On September 1, 2021, the South Carolina Court of Appeals affirmed the circuit court’s decision in the matter of Jolly v. General Electric, et al. in which it had (1) denied defendants’ motion for a JNOV, (2) granted a new trial nisi additur, and (3) denied motions to quash subpoenas requiring defendants’ corporate representatives to appear and testify at trial.  The appeal was brought by two defendants, Fisher Controls International, LLC and Crosby Valve, LLC (hereinafter “Defendants”) who had received an adverse verdict following trial in July 2017. Most notably, the circuit court had granted the Plaintiffs’ motion for a new trial nisi additur and increased the total jury verdict from $300,000 to $1.87 million. This article examines several holdings in the Jolly opinion which present future implications for asbestos litigation in South Carolina, particularly with regard to the causation standard, the sophisticated intermediary doctrine, additur, and the setoff of verdicts.


In Jolly v. General Electric, et al., Plaintiffs alleged that Dale Jolly developed mesothelioma as the result of exposure to asbestos while working as a mechanical inspector for Duke Power Company in the 1980s. The case proceeded to trial against two valve manufacturers—Fisher Controls and Crosby. Plaintiffs alleged Mr. Jolly was exposed to asbestos while working in close proximity to other workers who were removing and replacing asbestos gaskets on the flanges of valves manufactured by Defendants.

At trial, the jury returned a verdict of $200,000 in actual damages to Mr. Jolly for his negligence and breach of warranty claims, and $100,000 in actual damages to Mr. Jolly’s wife, Brenda Jolly, for her loss of consortium claim. The circuit court granted the Jollys’ motion for a new trial nisi additur and increased Mr. Jolly’s damages award to $1,580,000 and Mrs. Jolly’s award to $290,000. The circuit court also granted, in part, Defendants’ motion for a setoff of Mr. and Mrs. Jolly’s pre-trial settlement proceeds against the increased verdicts for the Jollys, but did not allow setoff of a one-third portion of the proceeds which the Jollys had apportioned to future potential claims. Defendants filed for a Judgment Notwithstanding Verdict (JNOV), questioning the jury’s conclusions in several aspects. The circuit court denied the motion for JNOV, and Defendants appealed. The South Carolina Court of Appeals affirmed the circuit court’s ruling in all respects.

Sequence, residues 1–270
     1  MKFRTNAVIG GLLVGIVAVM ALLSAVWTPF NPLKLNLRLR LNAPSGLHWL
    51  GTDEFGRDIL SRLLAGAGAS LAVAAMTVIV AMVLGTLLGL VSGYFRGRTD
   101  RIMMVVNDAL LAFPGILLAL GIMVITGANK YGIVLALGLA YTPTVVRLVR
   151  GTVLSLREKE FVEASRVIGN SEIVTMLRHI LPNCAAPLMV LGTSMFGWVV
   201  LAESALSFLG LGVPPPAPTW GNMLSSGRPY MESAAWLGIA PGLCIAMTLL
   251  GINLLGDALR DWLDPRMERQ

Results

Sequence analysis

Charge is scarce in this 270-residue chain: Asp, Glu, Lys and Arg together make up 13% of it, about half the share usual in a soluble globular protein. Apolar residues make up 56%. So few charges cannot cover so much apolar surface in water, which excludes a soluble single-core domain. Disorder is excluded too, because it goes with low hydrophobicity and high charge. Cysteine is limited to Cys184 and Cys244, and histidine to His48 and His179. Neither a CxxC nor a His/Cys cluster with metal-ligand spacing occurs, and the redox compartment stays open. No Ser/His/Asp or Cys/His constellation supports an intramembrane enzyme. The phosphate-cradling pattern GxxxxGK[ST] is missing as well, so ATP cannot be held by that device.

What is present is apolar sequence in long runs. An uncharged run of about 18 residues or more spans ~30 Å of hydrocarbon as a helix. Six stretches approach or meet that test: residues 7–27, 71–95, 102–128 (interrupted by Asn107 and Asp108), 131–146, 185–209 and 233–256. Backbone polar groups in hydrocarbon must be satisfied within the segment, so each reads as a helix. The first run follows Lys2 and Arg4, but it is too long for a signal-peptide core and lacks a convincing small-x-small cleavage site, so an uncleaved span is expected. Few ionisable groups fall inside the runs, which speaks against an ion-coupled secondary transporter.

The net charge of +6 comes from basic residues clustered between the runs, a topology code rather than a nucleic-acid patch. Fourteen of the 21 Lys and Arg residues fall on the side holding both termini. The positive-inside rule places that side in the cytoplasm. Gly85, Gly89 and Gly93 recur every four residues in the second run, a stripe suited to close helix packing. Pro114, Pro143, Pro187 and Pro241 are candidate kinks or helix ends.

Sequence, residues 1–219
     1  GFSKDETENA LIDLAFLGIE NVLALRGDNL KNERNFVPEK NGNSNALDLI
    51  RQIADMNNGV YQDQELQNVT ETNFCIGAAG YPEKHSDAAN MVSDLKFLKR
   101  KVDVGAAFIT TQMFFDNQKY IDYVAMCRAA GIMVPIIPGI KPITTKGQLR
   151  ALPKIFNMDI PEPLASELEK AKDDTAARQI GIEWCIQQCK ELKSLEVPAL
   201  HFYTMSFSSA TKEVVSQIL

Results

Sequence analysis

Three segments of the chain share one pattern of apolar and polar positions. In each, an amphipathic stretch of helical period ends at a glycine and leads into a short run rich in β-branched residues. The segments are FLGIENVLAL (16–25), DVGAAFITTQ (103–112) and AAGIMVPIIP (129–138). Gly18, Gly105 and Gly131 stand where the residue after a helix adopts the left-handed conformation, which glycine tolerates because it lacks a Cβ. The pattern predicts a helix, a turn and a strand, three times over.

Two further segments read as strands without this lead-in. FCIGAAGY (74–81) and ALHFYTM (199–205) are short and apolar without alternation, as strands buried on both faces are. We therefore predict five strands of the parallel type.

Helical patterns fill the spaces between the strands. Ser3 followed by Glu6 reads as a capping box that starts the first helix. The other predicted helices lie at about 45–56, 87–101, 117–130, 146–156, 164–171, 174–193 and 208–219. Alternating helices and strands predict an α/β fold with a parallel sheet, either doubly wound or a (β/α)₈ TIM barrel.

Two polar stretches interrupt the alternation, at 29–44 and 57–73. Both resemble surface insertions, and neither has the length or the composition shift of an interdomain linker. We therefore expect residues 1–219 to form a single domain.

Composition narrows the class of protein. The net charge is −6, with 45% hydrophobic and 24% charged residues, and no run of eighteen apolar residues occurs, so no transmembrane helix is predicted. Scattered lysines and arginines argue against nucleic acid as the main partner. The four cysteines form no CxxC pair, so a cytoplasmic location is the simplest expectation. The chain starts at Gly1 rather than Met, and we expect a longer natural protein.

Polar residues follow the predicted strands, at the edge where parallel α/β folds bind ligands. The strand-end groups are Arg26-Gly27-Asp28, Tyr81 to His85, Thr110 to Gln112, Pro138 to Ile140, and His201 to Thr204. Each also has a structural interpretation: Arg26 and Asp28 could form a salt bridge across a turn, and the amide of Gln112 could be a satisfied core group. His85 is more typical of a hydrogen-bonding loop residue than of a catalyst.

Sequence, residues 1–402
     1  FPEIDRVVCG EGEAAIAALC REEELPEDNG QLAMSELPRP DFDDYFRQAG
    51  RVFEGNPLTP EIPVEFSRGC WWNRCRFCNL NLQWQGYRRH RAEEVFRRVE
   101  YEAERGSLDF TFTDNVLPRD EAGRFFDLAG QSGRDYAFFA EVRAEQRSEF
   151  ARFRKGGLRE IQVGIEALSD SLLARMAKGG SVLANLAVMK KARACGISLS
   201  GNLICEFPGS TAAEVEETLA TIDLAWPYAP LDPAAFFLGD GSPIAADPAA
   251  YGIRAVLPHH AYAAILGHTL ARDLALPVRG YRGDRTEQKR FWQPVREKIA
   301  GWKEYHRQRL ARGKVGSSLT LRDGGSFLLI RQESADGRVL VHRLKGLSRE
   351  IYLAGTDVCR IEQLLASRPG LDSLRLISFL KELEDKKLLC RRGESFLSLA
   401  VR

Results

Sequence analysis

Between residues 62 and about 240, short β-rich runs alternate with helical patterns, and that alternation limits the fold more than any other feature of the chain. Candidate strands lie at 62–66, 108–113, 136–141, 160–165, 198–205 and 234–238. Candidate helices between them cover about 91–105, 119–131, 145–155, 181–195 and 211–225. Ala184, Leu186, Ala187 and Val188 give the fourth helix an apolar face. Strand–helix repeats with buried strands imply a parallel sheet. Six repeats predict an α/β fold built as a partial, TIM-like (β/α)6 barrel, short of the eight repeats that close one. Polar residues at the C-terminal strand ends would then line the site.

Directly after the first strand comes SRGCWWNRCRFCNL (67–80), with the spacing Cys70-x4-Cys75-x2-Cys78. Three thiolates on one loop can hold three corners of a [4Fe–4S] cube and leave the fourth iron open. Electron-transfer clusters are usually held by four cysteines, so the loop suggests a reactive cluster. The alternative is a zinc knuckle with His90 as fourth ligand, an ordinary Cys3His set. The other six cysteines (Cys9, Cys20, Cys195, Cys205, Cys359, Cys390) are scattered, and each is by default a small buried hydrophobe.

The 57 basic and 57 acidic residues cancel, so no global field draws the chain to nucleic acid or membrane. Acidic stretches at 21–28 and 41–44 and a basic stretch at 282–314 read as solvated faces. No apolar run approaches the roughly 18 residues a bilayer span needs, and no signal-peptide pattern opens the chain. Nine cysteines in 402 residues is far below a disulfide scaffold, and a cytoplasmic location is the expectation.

“Cumulative Dose” Evidence Can Be Considered To Determine Causation

The Court first addressed the Appellants’ argument that there was no reliable evidence to demonstrate that Mr. Jolly’s exposure to their valves was a “substantial factor” in causing his mesothelioma. Under South Carolina law, to demonstrate causation in an asbestos case, a plaintiff must present evidence of exposure to a defendant’s “specific product on a regular basis over some extended period of time in proximity to where the defendant actually worked.”[1]  Defendants contended that the Jollys failed to meet this burden because their expert witnesses unreliably relied on an “each and every exposure” theory of causation, which states that each and every breath of asbestos fibers is substantially causative of mesothelioma.

The Court found that the testimony given by the Jollys’ experts did not espouse the “each and every exposure” theory, but instead represented a “cumulative dose” theory, which reasons that “all exposures contribute to the cumulative dose that causes disease.” Defendants argued that the distinction between these two theories is artificial, and that the cumulative dose theory is also incompatible with the substantial factor standard required for causation. The Court disagreed, finding that cumulative dose testimony was permissible as “helpful background information essential for the jury’s understanding of medical causation.” The Court further opined that South Carolina allows for “multiple substantial causes” that “may combine and cooperate to produce the resulting harm to the plaintiff.”

The Sophisticated Intermediary and Open and Obvious Defenses Rejected